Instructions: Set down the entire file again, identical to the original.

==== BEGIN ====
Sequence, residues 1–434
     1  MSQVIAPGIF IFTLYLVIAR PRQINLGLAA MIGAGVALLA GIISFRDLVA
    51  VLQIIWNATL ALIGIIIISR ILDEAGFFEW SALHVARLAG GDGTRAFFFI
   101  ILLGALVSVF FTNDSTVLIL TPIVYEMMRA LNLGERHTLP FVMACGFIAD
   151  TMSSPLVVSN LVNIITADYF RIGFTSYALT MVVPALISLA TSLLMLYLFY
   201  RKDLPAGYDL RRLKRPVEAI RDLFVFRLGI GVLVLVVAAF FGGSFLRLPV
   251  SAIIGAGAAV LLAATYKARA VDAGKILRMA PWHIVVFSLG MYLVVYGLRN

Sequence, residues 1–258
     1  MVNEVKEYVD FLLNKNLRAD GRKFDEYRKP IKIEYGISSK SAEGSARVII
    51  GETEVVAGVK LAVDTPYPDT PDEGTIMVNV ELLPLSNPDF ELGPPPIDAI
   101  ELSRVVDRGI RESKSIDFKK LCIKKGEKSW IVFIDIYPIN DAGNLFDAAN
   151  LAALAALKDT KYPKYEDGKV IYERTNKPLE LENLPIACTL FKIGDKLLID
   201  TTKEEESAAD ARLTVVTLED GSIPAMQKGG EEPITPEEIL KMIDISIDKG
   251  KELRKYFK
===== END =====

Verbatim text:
Sequence, residues 1–434
     1  MSQVIAPGIF IFTLYLVIAR PRQINLGLAA MIGAGVALLA GIISFRDLVA
    51  VLQIIWNATL ALIGIIIISR ILDEAGFFEW SALHVARLAG GDGTRAFFFI
   101  ILLGALVSVF FTNDSTVLIL TPIVYEMMRA LNLGERHTLP FVMACGFIAD
   151  TMSSPLVVSN LVNIITADYF RIGFTSYALT MVVPALISLA TSLLMLYLFY
   201  RKDLPAGYDL RRLKRPVEAI RDLFVFRLGI GVLVLVVAAF FGGSFLRLPV
   251  SAIIGAGAAV LLAATYKARA VDAGKILRMA PWHIVVFSLG MYLVVYGLRN

Sequence, residues 1–258
     1  MVNEVKEYVD FLLNKNLRAD GRKFDEYRKP IKIEYGISSK SAEGSARVII
    51  GETEVVAGVK LAVDTPYPDT PDEGTIMVNV ELLPLSNPDF ELGPPPIDAI
   101  ELSRVVDRGI RESKSIDFKK LCIKKGEKSW IVFIDIYPIN DAGNLFDAAN
   151  LAALAALKDT KYPKYEDGKV IYERTNKPLE LENLPIACTL FKIGDKLLID
   201  TTKEEESAAD ARLTVVTLED GSIPAMQKGG EEPITPEEIL KMIDISIDKG
   251  KELRKYFK